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My Somewhat Unconventional iPhone Home Screen

My iPhone set-up attempts to maintain two axes of symmetry: horizontal symmetry is achieved by restricting icons to three screens, with my centre screen as a primary default view, and its adjacent screens on either side identically laid out; I get vertical symmetry on the centre screen, but have to acquiesce to efficiency on the other screens, which have two rows on top and one in the tray. On the fourth screen go apps that I’m developing, which creates an imbalance, but can’t be any other way.


My most accessed apps. Only Apple apps are allowed in the system tray.


The centre screen of Matthew Palmer's iPhone set up

My ‘home’ screen—that is, my most visited screen—isn’t the first page of the iOS home screen list; I use the middle screen of three app pages, because it gives me fast access to other pages of apps, without feeling claustrophobic. It has never made sense to me why power users have a linear screen ranking (i.e. most important apps on the first screen, second tier on the second screen, and so on), rather than having the centre screen as the top rung, and branching off from there, which minimises horizontal swipes to access your least-used apps.

Top-left, my premiere app slot, goes to Tweetbot, because I use it slightly more often than anything else, and it has a lovely icon. I resisted buying the old version, mostly because I thought it was over-designed. I still have problems with the current version: I don’t understand why there needs to be a search bar at the top of each scroll view in the app. The app’s great in almost every other way. I can’t wait for an iPad version.

Instagram, which needs an updated icon, comes next, followed by Snapchat and Clear. I use Clear for short notes, reminders and obviously todos; Downcast and Clear battle for the top-right slot regularly, but when I need to access Clear, I need to do it quickly. I generally open Downcast in a much more recumbent position. It’s a shame that I have to use Clear Plus in order to have sync and parity between my iPhone and iPad, but that’s an unfortunate consequence of Realmac splitting their app versions.

The right screen of Matthew Palmer's iPhone set up

Ranked from top-left to bottom right, in order of frequency and quality, these are my third party apps.

Downcast, which I touched on above, is likely to be replaced by Overcast when it’s released, depending on how much Marco cuts from 1.0 (I read that there would be no support for streaming—deal breaker).

Byword is for notes, synced between iPhone, iPad and my Mac with Dropbox. I’ve symlinked my Mac’s Documents folder to Dropbox, so I can save documents to Documents and have it sync, which feels far more copacetic.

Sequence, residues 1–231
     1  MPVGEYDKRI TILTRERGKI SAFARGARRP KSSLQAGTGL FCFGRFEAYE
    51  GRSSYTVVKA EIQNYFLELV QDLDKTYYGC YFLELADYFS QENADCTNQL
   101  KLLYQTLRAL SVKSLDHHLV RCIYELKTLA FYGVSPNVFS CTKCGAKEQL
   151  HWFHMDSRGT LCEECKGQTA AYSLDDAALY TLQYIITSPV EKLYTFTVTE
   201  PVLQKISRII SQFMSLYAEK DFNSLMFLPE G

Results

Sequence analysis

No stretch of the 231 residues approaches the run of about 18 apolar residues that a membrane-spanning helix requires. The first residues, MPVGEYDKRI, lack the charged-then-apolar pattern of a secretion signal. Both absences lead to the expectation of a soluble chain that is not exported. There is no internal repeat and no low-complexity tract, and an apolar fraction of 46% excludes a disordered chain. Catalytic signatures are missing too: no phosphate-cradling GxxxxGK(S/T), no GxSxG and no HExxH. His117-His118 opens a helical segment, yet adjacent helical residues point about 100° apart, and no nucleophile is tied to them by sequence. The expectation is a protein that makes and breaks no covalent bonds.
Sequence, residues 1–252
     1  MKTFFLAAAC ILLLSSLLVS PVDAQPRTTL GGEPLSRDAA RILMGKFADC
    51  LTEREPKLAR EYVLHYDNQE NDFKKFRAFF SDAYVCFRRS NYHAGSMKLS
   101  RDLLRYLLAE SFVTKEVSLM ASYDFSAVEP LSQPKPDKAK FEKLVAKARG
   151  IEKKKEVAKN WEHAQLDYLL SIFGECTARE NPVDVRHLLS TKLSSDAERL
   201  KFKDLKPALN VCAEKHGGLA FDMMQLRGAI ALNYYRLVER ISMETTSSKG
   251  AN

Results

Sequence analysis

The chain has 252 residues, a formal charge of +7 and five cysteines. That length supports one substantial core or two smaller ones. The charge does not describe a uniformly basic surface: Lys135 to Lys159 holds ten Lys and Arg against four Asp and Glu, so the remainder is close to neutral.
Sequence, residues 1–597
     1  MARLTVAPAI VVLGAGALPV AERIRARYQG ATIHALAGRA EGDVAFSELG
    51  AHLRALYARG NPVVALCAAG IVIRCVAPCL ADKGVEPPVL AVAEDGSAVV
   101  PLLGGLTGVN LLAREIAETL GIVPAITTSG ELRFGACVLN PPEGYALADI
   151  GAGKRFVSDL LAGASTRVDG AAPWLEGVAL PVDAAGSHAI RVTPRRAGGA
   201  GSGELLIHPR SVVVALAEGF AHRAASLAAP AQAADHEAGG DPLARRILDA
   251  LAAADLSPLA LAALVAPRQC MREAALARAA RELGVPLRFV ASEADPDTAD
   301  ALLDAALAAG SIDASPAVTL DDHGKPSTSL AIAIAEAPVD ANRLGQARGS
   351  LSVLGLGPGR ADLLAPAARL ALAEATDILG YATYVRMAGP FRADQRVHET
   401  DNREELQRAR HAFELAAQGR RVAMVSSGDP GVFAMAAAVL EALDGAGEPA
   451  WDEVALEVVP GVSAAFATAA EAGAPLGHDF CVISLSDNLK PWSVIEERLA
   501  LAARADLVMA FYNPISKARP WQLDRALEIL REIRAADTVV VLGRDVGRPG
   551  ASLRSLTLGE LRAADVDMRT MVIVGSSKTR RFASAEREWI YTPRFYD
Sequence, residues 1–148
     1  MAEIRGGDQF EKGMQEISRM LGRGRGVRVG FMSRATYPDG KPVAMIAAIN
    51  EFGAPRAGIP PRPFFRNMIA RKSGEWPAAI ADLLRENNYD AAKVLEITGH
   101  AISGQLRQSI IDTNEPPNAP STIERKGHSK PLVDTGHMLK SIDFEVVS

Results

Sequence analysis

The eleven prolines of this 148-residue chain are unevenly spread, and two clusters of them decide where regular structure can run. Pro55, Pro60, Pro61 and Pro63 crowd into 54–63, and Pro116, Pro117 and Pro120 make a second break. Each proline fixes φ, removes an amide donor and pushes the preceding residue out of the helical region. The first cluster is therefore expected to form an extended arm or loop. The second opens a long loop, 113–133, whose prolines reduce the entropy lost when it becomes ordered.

Things go into Instapaper, and I read the things.

Reeder is my RSS client. I should update it to Reeder 2, but I don’t think there’s enough of an update yet. An IFTTT recipe lets me star items in Reeder and have them sent to Instapaper. I sync with Feedly.

Analytiks is a lovely analytics app for Google Analytics; I wish there was an iPad version.

Hurley Surf is a pretty average way of checking surf reports and forecasts. It does the job.

Scanner Pro amazes me with how well it works. I was a little disappointed because I bought it a few days before it was featured as App of the Week and made free. I scan documents and they are automatically uploaded to Evernote. Evernote’s OCR is pretty great, and lets me search through scanned documents quickly.

Bottom right, I keep a junk folder of apps I need on my phone, but don’t want to look at with any regularity. Keeping apps in a folder is faster and neater than having several screens of miscellaneous icons splayed everywhere. Though it isn’t quite as fast as Spotlight search, I like the folder system because it prevents me needing to skim and swipe past rows and rows of apps when I’m in a rush. It’s easy to find apps in exigent circumstances, and other apps, which are opened with less urgency, go into the folder. There are a few apps I’d like to promote out of the folder, but not enough to justify moving to a five-screen layout.


The left screen of Matthew Palmer's iPhone set up

I keep system applications on the left. I try to stick to default applications as much as possible—I’m enamoured with the notion of a developer-designer-auteur. I romanticise someone with a single, overarching vision for an OS, and thus I want to try exactly what that fictional person had in mind (I used to envisage Steve Jobs).

I’m close to replacing Calendars with Fantastical, but I dislike Fantastical’s white-black contrast, an effect I also dislike in Tweetbot. Reminders is rarely used—it should probably be relegated to the folder or lower in the hierarchy. Clock, Photos, Phone, App Store and Settings are irreplaceable. Another filled folder, replicating the pattern on the right.

Simplicity through restriction

Having such a rigorously restricted layout for apps makes finding things fast. I don’t need to process each app’s icon—I have developed a certain muscle memory for most apps—and having fewer rows mitigates the chances of mis-tapping an area of the screen. It’s more minimalistic as well. Having to limit my app places also prevents me installing every junk app I can get my hands on, which would drag me further into the pit of clutter. Though I have some weird habits and preferences, I find the consistent pattern relaxing, simple and fast—my top priorities for an app launcher.

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